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A(nother) trenchant review from yours truly!

 
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Goldberg
Incorrigible Failure

Goldberg

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PostPosted: Sat Feb 05, 2005 6:28 pm    Post subject: A(nother) trenchant review from yours truly! Reply with quote

Subtitled: I've just gotten back from the worst recital of my life thus far!

...not that I've been to that many. However, this one is remarkable in that absolutely nothing was right. Wait, I take that back. It was worth exactly its ticket price: nothing.

Ok, so, to be honest, I wasn't expecting much at all. In fact, I went knowing that it was, most probably, going to be a disappointment. How did I know? Well, I'll try and paint a picture. You see, for the past few weeks there have been posters for the recital hanging around campus:

*Name witheld to protect the accused*, Piano Recital:
Chopin: Nocturne op. 9 no. 2
Debussy: Clair de Lune
Liszt: Hungarian Rhapsody no. 2; Lassan, Friska
Beethoven: Sonata op. 57, Appasionata


And...that's it. I stared several times, and in great length, at these posters for several reasons. First, I wanted to make sure that they were actually real. I was having a difficult time imagining that my school, pathetic in all things fine, most specifically the arts, actually holding a solo recital! I'd discussed doing such a thing with the music director--and I plan to, but not for a while--but I didn't imagine that it would actually OCCUR, especially not so soon. Well, secondly, I looked at the posters to make sure I wasn't missing anything...you know, any microscopic engravings stating something like "this is only the first half of the recital; the next half will include all of Liszt's transcendental studies" or something of the sort. But, alas, no; that was the full program, and how awful it seemed to me!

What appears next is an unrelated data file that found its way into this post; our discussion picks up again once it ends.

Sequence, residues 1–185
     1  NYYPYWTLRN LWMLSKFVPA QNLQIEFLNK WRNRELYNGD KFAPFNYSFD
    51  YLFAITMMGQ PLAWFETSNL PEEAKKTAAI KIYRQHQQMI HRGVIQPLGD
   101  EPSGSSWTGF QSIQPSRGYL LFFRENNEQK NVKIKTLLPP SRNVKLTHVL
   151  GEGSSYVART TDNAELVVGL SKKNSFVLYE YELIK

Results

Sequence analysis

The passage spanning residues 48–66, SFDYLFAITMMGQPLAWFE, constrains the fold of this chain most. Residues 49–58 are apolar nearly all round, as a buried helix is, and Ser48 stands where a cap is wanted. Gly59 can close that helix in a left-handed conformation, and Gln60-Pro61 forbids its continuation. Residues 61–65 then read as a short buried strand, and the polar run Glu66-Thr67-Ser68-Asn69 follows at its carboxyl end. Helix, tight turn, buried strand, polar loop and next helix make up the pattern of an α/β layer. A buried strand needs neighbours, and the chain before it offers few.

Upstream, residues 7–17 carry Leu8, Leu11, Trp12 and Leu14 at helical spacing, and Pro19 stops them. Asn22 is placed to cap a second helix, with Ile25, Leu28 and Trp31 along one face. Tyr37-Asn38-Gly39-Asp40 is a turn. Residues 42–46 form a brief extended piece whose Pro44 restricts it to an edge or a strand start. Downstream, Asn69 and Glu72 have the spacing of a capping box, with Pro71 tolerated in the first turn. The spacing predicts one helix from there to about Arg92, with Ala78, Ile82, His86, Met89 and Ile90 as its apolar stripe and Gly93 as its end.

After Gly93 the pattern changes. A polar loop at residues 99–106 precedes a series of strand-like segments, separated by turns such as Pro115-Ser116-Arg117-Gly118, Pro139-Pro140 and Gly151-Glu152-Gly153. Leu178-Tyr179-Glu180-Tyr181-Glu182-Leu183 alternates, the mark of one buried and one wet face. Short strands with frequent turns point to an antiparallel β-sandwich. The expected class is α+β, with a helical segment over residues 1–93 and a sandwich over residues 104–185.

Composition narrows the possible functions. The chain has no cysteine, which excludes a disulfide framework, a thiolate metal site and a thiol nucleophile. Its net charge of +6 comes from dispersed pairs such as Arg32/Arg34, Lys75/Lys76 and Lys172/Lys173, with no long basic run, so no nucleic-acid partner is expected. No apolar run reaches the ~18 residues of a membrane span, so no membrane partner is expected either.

I try my best to guard against negative predilection, especially before the recital even starts, but I couldn't help but see through the whole thing immediately. Almost instantly after I came to my senses, I realised that the recital itself would be subpar at best, and I was sure of that because of the pieces he played. For one thing, I have a personal bias against the pieces myself, because the only one that I somewhat like is the Beethoven, but I was willing to let that slide for a good performance of the others. But the problem is that his selection ranged from the easy and popular to...well, the extraordinarily difficult, at least in interpretative measures, Beethoven. How could he have such a disparity? I knew right then that he had little experience with forming programs, and I, in my snobbery and arrogance, must admit that I berated the program as being immature and no good whatsoever. But, to my credit, I went to make sure I was right.